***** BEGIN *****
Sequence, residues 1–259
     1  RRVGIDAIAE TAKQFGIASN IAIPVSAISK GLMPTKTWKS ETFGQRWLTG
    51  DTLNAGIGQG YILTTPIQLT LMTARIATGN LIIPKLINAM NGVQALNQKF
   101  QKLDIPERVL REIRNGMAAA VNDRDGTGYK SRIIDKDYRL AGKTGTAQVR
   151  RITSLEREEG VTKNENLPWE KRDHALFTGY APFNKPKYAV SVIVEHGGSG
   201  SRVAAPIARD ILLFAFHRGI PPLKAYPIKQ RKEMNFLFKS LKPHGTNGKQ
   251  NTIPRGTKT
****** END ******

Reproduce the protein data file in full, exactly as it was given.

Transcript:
Sequence, residues 1–259
     1  RRVGIDAIAE TAKQFGIASN IAIPVSAISK GLMPTKTWKS ETFGQRWLTG
    51  DTLNAGIGQG YILTTPIQLT LMTARIATGN LIIPKLINAM NGVQALNQKF
   101  QKLDIPERVL REIRNGMAAA VNDRDGTGYK SRIIDKDYRL AGKTGTAQVR
   151  RITSLEREEG VTKNENLPWE KRDHALFTGY APFNKPKYAV SVIVEHGGSG
   201  SRVAAPIARD ILLFAFHRGI PPLKAYPIKQ RKEMNFLFKS LKPHGTNGKQ
   251  NTIPRGTKT